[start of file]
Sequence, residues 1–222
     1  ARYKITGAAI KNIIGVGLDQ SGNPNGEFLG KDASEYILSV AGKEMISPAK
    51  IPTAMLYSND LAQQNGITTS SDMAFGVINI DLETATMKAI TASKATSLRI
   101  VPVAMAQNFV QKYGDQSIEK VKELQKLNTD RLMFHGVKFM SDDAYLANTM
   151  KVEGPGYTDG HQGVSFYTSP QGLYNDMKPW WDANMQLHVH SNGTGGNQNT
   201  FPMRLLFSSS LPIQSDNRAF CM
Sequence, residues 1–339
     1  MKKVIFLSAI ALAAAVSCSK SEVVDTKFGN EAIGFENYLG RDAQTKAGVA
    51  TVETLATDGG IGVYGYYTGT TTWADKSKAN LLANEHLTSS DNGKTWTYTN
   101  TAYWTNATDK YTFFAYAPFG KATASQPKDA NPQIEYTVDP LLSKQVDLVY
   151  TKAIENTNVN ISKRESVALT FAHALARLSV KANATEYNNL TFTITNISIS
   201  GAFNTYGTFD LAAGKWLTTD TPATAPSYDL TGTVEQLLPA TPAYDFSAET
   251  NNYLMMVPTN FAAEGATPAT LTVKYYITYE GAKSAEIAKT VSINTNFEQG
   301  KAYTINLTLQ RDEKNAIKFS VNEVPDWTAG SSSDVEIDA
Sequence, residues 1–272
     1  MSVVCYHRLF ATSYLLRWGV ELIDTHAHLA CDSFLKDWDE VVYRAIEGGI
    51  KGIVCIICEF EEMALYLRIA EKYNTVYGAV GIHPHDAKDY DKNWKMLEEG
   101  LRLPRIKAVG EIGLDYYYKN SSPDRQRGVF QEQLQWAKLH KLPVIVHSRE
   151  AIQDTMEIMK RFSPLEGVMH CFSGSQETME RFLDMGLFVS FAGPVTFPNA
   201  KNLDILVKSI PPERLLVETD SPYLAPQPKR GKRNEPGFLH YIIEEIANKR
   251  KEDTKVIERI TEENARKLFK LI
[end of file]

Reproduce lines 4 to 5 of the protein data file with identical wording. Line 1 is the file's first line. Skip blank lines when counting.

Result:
   101  VPVAMAQNFV QKYGDQSIEK VKELQKLNTD RLMFHGVKFM SDDAYLANTM
   151  KVEGPGYTDG HQGVSFYTSP QGLYNDMKPW WDANMQLHVH SNGTGGNQNT